It turns out that sleeping on the back or the right side was associated with a higher rate of stillbirth.

The effect is large: the stillbirth rate was about twice as high for women sleeping on their back. This study wasn’t perfect. The sample size is small (155 cases) and the researchers were testing a lot of different theories, not just sleep position.

Most importantly: the underlying method in this study is a “case-control” approach — finding cases in which something bad happened, and then identifying a set of controls without this outcome. Women who had stillbirth in this sample were identified after the stillbirth, and asked about their behaviors while they were pregnant. This type of retrospective approach can generate recall bias, in which (for example) grieving mothers over-report non-recommended sleeping behaviors, perhaps in search of an explanation for their loss.

In 2019, a new study — one not subject to this concern — came out on this topic. The key innovation in this study was that it was prospective. They recruited 8,706 women who were pregnant, and had them complete questionnaires in the first trimester and early in the third trimester about their sleep position. They then observed what happened, and coded whether there were any “adverse outcomes” in the pregnancy. This included stillbirth, but also infants who were small for gestational age or had other issues.

The authors found no association between any adverse outcomes and sleep position either at the first visit in early pregnancy or the third visit in mid-pregnancy.

Very unfortunately, there were some stillbirths and there were many more less serious complications, but these did not seem to be linked to sleep position.

Putting this together with the evidence at the top of this section on minimal changes in blood flow, along with the conclusions of that review article, the bulk of the evidence seems to reject the link between sleep position and stillbirth or other negative outcomes. It seems likely that the association we see in the case-control data is an effect of reporting.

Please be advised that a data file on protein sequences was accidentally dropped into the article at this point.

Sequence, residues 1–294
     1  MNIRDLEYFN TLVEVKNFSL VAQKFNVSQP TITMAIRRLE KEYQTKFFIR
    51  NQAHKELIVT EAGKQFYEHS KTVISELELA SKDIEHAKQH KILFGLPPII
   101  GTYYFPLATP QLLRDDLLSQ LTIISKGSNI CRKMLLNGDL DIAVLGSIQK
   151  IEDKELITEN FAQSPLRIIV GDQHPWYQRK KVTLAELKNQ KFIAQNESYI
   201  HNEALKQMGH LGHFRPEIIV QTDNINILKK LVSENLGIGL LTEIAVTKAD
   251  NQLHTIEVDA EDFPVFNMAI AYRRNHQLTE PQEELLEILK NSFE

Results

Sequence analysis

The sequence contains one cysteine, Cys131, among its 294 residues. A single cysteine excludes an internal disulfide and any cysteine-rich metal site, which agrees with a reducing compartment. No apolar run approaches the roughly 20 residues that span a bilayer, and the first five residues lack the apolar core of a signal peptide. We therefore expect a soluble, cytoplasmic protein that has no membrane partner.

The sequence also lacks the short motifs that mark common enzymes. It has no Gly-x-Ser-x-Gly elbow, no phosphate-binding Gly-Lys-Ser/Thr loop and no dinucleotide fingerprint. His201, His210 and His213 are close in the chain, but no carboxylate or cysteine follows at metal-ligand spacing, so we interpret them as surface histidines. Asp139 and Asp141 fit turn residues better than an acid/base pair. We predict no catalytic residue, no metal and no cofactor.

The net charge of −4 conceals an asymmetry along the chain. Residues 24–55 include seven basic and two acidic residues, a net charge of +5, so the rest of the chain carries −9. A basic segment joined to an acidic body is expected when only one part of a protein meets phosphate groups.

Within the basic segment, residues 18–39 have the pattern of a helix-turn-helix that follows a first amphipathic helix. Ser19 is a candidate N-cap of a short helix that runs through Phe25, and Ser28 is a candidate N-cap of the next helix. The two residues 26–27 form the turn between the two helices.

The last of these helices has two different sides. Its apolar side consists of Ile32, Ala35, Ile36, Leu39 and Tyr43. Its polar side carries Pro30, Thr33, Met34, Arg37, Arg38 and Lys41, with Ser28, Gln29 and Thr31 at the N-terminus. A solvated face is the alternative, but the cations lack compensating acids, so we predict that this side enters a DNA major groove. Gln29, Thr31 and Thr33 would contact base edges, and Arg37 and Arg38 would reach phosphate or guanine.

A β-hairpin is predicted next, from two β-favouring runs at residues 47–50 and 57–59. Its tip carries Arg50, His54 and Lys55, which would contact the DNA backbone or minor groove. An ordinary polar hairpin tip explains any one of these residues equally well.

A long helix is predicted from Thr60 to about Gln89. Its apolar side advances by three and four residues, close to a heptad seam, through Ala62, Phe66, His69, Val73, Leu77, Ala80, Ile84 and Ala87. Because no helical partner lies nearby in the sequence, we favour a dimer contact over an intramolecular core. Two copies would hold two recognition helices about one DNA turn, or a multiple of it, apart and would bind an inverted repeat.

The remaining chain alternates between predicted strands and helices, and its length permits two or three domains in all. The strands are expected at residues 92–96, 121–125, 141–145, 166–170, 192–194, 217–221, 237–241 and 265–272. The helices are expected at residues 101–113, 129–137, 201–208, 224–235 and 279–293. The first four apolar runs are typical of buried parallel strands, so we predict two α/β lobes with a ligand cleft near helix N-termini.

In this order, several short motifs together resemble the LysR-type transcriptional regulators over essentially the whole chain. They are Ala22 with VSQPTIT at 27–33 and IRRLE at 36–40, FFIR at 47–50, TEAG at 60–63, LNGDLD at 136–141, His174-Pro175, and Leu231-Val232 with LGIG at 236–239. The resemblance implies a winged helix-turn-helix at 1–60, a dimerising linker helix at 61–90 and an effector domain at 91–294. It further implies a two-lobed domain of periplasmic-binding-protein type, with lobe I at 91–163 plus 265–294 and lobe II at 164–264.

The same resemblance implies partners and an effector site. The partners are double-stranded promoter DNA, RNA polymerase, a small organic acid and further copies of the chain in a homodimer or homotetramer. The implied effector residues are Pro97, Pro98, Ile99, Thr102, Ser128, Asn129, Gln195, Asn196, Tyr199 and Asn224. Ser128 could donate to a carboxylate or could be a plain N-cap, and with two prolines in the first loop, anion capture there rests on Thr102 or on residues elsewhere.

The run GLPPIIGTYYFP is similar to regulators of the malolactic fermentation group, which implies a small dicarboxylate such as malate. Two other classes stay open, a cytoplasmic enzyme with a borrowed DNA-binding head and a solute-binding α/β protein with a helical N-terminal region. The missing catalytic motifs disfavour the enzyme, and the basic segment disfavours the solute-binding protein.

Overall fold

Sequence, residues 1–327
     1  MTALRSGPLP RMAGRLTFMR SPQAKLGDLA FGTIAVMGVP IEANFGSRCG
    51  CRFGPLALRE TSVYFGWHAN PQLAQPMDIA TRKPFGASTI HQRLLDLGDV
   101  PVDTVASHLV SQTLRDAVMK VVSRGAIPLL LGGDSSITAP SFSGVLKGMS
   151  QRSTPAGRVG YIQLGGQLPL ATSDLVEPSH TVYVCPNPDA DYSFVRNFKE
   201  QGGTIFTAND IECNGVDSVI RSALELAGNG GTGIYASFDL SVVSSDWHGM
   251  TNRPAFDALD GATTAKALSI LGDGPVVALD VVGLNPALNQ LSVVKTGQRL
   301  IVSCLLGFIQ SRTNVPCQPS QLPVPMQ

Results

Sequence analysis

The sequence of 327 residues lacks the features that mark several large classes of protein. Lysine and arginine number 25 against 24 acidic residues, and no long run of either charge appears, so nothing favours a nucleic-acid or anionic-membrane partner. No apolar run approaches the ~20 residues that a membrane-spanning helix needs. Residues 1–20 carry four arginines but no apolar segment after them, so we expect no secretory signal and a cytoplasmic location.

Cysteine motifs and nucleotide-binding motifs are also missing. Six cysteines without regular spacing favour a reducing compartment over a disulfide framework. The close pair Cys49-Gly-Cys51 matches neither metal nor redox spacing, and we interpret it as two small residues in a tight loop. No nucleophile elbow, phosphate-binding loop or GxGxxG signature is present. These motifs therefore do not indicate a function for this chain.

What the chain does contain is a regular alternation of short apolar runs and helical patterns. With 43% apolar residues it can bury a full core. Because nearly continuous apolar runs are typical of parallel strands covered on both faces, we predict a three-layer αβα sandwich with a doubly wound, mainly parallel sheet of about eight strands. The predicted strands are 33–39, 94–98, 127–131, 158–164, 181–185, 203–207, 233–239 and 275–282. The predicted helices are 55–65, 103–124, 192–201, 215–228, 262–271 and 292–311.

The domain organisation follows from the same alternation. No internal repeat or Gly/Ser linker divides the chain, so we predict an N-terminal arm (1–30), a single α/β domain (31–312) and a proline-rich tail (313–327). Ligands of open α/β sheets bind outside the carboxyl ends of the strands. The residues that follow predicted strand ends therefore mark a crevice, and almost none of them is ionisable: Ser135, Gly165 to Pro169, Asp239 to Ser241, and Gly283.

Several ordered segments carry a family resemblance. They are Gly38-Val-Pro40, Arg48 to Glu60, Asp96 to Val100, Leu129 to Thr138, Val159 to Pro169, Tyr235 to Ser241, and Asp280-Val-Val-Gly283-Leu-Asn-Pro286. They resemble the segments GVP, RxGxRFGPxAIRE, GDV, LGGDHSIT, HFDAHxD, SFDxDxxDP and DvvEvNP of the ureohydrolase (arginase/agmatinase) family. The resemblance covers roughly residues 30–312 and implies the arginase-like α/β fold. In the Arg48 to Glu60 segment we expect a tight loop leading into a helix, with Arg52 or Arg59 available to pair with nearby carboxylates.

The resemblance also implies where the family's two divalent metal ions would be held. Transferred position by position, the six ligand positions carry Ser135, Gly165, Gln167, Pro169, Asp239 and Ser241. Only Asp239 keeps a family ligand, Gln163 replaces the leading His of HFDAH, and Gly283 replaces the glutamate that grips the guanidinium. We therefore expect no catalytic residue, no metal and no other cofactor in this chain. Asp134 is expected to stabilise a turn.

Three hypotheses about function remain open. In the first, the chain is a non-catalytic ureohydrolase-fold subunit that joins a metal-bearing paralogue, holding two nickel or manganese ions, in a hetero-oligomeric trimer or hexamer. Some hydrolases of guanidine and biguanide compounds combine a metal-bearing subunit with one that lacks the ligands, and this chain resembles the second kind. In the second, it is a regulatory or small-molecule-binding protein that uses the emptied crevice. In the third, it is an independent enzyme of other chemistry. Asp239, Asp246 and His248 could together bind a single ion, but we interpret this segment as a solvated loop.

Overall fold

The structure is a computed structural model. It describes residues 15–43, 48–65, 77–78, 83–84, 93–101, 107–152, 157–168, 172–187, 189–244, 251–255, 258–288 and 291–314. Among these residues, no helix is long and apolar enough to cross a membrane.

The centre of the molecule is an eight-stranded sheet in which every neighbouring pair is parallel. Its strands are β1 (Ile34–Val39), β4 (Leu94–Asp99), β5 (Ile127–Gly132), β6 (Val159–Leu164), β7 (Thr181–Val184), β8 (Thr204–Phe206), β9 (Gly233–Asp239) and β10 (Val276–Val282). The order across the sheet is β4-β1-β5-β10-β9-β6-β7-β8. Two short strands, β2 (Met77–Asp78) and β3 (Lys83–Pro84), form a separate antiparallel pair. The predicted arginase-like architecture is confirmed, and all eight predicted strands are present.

In the end, if back sleeping is comfortable for you (realistically, for most women it eventually becomes uncomfortable) the best data suggests it is fine.

For me, one of the most infuriating things about pregnancy insomnia was when people would tell me things like, “You think you are tired now! Wait until the baby comes!”  And it is unfortunately true: however little sleep you are getting at the end of pregnancy, you’ll probably get less once the baby arrives. But there is a silver lining: when you do finally get a chance to sleep there are none of those pregnancy aches and pains that kept you up. The quality of sleep goes up a lot, even if the quantity does not!

Emily Oster is a Professor of Economics at Brown University. She holds a PhD in Economics from Harvard. Prior to being at Brown she was on the faculty at the University of Chicago Booth School. In addition to her academic work, Oster has written two books we love. Expecting Better analyzes the data behind many common pregnancy rules, and aims to improve decision-making for pregnant women. Cribsheet does the same for early childhood — what does the evidence really say on breastfeeding, co-sleeping or potty training.

Article was originally published on the Natalist blog. Natalist offers fertility and pregnancy products at a net-zero plastic footprint!

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    Sarah Matias

    Why did you become a pre/ postnatal exercise specialist?

    After working in a physical therapy clinic I very quickly became aware of how underserved the pre/